Co-production – deciding together
This approach to influence and participation allows staff and people with lived experience to have an equal relationship when designing activities, projects, or services. Learn more about how it works on this page.
What is co-production?
Effective co-production is grounded in the principles of accessibility, diversity, equality and reciprocity (getting something back for putting something in).
Co-production can help to challenge the idea that people with lived experience – traditionally people who have used services – can't participate on an equal level with people in professional roles.
It can be an extremely effective way for people with lived experience to be able to influence change.
"Co-production refers to a way of working where service providers and users work together to reach a collective outcome. The approach is value-driven and built on the principle that those who are affected by a service are best placed to help design it."
There are lots of definitions of co-production. This one comes from Involve.
Case study: PeerFest
PeerFest is an example of successful co-production. Each year, different groups of people with lived experience have responsibility for planning, shaping and delivering the overall event.
Case study: Norfolk and Suffolk Recovery College
Norfolk and Suffolk recovery college co-produced a course with Szara Froud, a mental health professional, and Anastacia, who has bipolar disorder. This is their story.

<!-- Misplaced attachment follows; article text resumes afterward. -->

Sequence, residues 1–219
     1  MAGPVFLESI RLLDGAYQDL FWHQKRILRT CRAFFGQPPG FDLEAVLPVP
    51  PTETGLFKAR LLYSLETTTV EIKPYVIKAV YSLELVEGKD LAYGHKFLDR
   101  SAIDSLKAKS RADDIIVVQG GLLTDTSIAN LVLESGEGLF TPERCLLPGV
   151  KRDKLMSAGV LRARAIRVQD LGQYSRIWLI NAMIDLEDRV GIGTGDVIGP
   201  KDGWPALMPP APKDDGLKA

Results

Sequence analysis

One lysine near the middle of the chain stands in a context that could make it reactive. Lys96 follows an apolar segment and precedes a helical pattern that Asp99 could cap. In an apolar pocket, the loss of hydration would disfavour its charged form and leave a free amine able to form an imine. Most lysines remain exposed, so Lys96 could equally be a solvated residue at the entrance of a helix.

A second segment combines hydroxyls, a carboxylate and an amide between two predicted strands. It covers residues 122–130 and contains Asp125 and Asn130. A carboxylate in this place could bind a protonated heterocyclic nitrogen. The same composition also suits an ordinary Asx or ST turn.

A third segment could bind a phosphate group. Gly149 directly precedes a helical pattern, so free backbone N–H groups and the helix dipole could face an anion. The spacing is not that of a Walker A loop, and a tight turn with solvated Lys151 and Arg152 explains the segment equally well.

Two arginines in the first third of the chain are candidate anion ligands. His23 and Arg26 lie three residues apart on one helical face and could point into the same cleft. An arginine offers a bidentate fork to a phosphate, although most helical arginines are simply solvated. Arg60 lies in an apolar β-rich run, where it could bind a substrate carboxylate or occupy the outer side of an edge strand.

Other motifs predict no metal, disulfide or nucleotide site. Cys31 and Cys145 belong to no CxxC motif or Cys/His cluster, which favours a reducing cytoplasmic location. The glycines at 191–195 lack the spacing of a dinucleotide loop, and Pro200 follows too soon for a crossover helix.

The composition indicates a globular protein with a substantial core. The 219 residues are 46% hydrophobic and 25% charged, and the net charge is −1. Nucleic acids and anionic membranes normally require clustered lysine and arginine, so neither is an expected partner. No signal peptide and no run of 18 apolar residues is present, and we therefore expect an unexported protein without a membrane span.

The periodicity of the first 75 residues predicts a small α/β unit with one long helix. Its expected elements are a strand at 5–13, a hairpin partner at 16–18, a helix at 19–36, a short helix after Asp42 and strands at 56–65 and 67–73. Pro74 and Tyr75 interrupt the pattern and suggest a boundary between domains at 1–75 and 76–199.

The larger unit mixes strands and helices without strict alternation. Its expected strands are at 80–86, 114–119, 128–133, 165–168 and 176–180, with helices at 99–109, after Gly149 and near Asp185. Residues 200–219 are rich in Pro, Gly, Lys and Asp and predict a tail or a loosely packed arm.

Case study: physical activity working group
From April 2021 to 2022, Mind’s physical activity team launched a project on developing a healthy relationship with physical activity.
The project was co-produced with people with experience of developing an unhealthy relationship with activity, and professionals who supported them.
Things to consider in co-production
- Is the balance of power genuinely equal in decision making? To be called co-production, there must be a genuinely equal and reciprocal relationship between staff and people with lived experience. You must recognise that all contributions are valuable.
- Are there mutually agreed responsibilities and expectations?
- Are you able to support people to take part in the development process and delivery? How will you do this?
- Can you commit to service users playing an equal role in delivery? If not, you may want to use a co-design method.